WHEREAS, on March 2, 2005, and within the 15 calendar day appeal period, the Palos Verdes-South Bay Group of the Sierra Club (hereafter the "Sierra Club") filed a letter electronically dated March 2, 2005, appealing the Director’s determination on YLPA’s request for exemption from the Ordinance and setting forth its bases for appeal therein; and,
WHEREAS, on March 3, 2005, and within the 15 calendar day appeal period, the California Native Plant Society - South Coast Chapter (hereafter the "CNPS") filed a letter dated March 1, 2005, appealing the Director’s determination on YLPA’s request for exemption from the Ordinance and setting forth its bases for appeal therein; and,
WHEREAS, on March 3, 2005, and within the 15 calendar day appeal period, YLPA filed a letter dated March 3, 2005, appealing the Director’s determination on YLPA’s request for exemption from the Ordinance and setting forth its bases for appeal therein; and,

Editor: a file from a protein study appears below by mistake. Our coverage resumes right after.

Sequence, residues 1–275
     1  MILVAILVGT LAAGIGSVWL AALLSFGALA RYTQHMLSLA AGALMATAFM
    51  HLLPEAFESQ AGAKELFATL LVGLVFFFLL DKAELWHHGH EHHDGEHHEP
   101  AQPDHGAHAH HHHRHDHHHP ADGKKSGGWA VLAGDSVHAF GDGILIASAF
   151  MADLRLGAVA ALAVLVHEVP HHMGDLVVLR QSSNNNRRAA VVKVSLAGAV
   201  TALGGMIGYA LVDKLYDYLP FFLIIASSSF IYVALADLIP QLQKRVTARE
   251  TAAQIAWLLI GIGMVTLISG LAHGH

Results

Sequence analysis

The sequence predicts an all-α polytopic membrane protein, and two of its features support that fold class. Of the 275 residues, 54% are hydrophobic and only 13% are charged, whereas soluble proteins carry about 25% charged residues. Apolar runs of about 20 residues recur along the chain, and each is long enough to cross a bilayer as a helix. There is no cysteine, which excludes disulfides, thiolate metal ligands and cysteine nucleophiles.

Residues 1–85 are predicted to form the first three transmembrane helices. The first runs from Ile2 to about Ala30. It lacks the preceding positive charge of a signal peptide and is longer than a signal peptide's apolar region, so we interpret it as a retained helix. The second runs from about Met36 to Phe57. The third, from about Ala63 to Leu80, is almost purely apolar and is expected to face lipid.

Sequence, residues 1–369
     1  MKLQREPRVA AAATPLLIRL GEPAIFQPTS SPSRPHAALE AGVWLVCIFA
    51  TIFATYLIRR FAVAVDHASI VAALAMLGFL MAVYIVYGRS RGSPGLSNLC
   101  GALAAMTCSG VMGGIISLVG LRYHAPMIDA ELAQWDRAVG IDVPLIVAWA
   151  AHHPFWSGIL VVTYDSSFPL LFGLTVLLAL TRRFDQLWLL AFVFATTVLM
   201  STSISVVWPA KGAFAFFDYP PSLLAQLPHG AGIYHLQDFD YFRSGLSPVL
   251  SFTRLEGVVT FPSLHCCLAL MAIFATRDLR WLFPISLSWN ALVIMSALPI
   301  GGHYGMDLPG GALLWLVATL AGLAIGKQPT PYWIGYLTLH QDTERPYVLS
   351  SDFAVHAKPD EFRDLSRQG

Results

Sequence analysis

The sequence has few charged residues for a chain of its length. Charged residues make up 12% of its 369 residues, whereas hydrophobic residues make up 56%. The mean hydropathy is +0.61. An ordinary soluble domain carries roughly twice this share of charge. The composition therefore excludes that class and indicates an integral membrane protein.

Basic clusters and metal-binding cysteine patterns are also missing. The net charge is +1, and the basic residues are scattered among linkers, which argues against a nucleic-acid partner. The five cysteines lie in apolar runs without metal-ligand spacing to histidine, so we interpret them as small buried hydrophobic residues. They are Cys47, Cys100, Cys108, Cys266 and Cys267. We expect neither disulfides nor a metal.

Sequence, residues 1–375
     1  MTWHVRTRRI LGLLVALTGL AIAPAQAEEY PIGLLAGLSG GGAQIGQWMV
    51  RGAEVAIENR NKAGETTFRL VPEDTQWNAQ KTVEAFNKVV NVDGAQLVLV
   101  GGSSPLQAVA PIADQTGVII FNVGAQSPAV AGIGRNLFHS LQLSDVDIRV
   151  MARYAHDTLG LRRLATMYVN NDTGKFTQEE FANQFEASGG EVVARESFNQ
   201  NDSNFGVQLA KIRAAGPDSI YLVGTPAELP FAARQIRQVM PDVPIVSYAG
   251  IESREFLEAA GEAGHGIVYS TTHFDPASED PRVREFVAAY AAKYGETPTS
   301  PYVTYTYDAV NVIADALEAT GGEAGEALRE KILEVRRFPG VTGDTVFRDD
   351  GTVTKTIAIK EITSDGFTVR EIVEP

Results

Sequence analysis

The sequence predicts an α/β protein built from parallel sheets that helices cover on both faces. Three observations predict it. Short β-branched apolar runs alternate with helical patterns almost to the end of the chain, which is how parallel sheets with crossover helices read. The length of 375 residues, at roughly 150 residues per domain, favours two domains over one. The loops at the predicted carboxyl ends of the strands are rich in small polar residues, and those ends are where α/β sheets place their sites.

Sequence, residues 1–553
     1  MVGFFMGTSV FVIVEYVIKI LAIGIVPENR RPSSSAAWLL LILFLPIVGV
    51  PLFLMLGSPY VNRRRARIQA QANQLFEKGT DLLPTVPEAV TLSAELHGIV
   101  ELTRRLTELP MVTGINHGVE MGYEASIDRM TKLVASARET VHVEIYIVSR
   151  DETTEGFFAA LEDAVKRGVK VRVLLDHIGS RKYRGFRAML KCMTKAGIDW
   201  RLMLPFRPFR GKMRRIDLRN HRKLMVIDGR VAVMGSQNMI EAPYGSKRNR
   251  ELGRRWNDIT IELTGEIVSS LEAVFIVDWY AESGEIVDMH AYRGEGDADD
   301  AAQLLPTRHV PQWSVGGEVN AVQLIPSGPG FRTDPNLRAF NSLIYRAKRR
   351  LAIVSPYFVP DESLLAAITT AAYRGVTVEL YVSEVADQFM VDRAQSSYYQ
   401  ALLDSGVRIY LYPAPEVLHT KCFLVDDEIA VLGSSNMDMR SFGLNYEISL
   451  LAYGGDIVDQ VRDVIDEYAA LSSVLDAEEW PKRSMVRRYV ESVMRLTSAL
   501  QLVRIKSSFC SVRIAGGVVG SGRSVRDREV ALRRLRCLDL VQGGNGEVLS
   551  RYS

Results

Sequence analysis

WHEREAS, on April 19, 2005, the City Council adopted Urgency Ordinance No. 419U which enacted modified regulations for the protection of CSS habitat, which repealed Ordinance No. 391U, which was the operative ordinance at the time of the Director’s review and determination on YLPA’s request for exemption from the Ordinance. Ordinance 419U is substantially the same as Ordinance No. 391U, and the minor changes in the language do not change the standards or process applicable to YLPA’s request for approval of the weed abatement activities; and,
WHEREAS, on May 17, 2005, the City Council held a duly noticed appeal hearing in accordance with the provisions of Chapter 17.80 of the Rancho Palos Municipal Code, at which time all interested parties were given an opportunity to be heard and present evidence; and,
WHEREAS, the City Council undertook a de novo review of the decision of the Director in accordance with Section 17. 80.070 F. of the Rancho Palos Verdes Municipal Code.
NOW, THEREFORE, THE CITY COUNCIL OF THE CITY OF RANCHO PALOS VERDES DOES HEREBY FIND, DETERMINE, AND RESOLVE AS FOLLOWS: